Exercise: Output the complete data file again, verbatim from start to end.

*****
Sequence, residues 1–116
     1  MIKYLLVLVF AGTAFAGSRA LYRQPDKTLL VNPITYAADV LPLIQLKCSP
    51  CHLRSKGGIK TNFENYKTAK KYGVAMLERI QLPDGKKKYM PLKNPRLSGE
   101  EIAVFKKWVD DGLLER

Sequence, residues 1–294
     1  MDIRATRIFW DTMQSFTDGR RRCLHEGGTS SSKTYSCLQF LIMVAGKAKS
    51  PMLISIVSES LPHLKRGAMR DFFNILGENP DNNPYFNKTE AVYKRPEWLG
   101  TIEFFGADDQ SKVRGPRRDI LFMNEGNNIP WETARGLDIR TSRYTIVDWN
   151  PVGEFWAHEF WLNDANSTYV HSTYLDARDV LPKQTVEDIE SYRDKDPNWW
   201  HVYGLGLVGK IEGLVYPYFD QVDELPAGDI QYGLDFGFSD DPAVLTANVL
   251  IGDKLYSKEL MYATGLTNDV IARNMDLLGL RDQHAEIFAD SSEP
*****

Sequence, residues 1–116
     1  MIKYLLVLVF AGTAFAGSRA LYRQPDKTLL VNPITYAADV LPLIQLKCSP
    51  CHLRSKGGIK TNFENYKTAK KYGVAMLERI QLPDGKKKYM PLKNPRLSGE
   101  EIAVFKKWVD DGLLER

Sequence, residues 1–294
     1  MDIRATRIFW DTMQSFTDGR RRCLHEGGTS SSKTYSCLQF LIMVAGKAKS
    51  PMLISIVSES LPHLKRGAMR DFFNILGENP DNNPYFNKTE AVYKRPEWLG
   101  TIEFFGADDQ SKVRGPRRDI LFMNEGNNIP WETARGLDIR TSRYTIVDWN
   151  PVGEFWAHEF WLNDANSTYV HSTYLDARDV LPKQTVEDIE SYRDKDPNWW
   201  HVYGLGLVGK IEGLVYPYFD QVDELPAGDI QYGLDFGFSD DPAVLTANVL
   251  IGDKLYSKEL MYATGLTNDV IARNMDLLGL RDQHAEIFAD SSEP